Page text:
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Running head: SOCIAL DOCUMENTARY PHOTOGRAPHERSocial Documentary PhotographerAyala HardyGrantham University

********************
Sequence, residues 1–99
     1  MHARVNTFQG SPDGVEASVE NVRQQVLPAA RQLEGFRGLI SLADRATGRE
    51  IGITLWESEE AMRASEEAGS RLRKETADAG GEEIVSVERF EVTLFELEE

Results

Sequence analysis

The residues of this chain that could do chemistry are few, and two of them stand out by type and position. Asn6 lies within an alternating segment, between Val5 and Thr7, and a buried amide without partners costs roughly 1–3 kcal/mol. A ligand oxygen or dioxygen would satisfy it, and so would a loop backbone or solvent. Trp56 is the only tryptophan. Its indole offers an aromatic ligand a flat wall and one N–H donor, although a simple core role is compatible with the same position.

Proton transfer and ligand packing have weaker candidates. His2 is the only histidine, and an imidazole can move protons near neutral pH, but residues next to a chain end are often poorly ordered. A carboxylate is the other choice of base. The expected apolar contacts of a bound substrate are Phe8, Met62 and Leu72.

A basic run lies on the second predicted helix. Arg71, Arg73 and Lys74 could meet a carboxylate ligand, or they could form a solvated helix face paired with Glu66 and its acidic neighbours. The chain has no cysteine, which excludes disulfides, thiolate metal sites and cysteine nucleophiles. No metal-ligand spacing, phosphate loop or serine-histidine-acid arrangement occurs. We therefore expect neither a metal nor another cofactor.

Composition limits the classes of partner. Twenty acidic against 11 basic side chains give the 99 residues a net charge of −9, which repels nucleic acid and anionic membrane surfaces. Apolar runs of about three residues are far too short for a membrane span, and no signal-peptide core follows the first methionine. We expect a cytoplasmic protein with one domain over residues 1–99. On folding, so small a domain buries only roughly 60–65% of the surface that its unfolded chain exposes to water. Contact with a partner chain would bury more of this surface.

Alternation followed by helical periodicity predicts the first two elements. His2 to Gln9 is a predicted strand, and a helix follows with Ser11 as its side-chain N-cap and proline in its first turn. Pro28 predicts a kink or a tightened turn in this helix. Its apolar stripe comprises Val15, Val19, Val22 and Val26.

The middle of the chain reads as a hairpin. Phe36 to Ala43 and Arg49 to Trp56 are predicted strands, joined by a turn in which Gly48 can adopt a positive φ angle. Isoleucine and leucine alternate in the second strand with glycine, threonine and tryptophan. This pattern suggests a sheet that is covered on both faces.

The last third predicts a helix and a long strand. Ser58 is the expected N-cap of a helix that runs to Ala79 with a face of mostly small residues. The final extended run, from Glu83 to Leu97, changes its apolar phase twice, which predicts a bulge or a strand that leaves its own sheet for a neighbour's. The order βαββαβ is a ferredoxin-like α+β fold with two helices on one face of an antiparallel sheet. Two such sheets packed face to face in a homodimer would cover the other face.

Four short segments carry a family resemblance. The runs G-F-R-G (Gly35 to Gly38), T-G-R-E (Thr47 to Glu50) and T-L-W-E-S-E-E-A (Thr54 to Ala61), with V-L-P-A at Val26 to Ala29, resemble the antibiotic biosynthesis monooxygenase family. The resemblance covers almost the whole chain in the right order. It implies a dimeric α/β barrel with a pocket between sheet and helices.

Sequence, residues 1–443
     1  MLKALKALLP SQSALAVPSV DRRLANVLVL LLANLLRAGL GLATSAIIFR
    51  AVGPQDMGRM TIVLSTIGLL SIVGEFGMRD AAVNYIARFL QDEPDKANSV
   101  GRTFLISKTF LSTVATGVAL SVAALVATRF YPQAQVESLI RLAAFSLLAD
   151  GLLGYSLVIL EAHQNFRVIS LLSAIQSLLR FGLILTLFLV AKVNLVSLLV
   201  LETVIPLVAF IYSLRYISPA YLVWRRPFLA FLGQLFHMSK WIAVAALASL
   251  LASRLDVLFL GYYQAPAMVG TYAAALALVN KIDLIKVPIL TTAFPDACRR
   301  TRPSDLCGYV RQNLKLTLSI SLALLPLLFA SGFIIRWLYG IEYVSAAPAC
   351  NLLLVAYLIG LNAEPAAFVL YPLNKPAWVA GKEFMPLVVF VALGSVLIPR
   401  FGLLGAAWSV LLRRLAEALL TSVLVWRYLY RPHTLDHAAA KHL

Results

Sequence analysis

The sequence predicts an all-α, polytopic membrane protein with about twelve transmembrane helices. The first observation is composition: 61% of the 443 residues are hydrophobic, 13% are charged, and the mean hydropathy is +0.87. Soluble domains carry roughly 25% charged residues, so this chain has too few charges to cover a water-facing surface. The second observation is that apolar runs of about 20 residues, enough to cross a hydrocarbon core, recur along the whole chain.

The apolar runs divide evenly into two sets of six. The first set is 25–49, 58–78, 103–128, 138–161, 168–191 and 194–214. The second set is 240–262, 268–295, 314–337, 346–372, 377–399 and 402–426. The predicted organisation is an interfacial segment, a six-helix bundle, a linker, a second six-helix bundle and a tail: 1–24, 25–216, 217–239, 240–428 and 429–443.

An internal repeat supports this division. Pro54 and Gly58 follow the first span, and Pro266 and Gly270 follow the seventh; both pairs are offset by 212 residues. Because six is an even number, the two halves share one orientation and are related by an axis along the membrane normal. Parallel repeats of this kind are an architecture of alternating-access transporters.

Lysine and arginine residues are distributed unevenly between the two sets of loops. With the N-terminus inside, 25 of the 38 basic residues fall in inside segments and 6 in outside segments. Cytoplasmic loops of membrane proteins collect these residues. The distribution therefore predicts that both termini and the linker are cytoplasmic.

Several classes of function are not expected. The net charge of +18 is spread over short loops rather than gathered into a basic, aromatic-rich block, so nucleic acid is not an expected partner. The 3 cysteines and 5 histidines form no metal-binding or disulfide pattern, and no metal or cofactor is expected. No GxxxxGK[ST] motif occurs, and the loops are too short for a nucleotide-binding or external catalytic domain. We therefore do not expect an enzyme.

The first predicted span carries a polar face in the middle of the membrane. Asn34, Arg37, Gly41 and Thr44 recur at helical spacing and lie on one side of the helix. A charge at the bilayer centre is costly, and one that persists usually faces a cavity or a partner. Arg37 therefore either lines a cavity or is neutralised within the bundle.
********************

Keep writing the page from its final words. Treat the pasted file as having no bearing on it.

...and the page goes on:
SOCIAL DOCUMENTARY PHOTOGRAPHERI.IntroductionThe Great Depression brought catastrophic poverty to the United States, which caused the collapse of many industries, including the stock market and the art market (Doss, 2004). The price points for art pieces, books, and music fell drastically until the federal government stepped in. Under the leadership of President Franklin Roosevelt, the federal government began offering economic relief to many artists by becoming the artist’s employer. The Federal Arts Project (FAP) created programs such as the Works Progress Administration (WPA) and the Farm Security Administration (FSA). II.BodyThe FSA program was created by the Resettlement Administration, which was founded in1935 to help support small farmers reinvest in the farmland that had been destroyed by the Great Depression. During the life of the program, the federal government employed unknown artists and made them world-renown for their works depicting emotions and circumstances that were a result of rural poverty (Weiser, 2016). According to Doss (2004), over 3,500 public murals, 108,000 paintings and 500,000 photographs were produced and funded by the FAP. The FSA program encouraged appreciation for American art. One of the primary focuses of American artists such as Arthur Rothstein was to “document the problems of the Depression so that [they] could justify the New Deal legislation that was designed to alleviate them” (Doss, 2004, p. 107).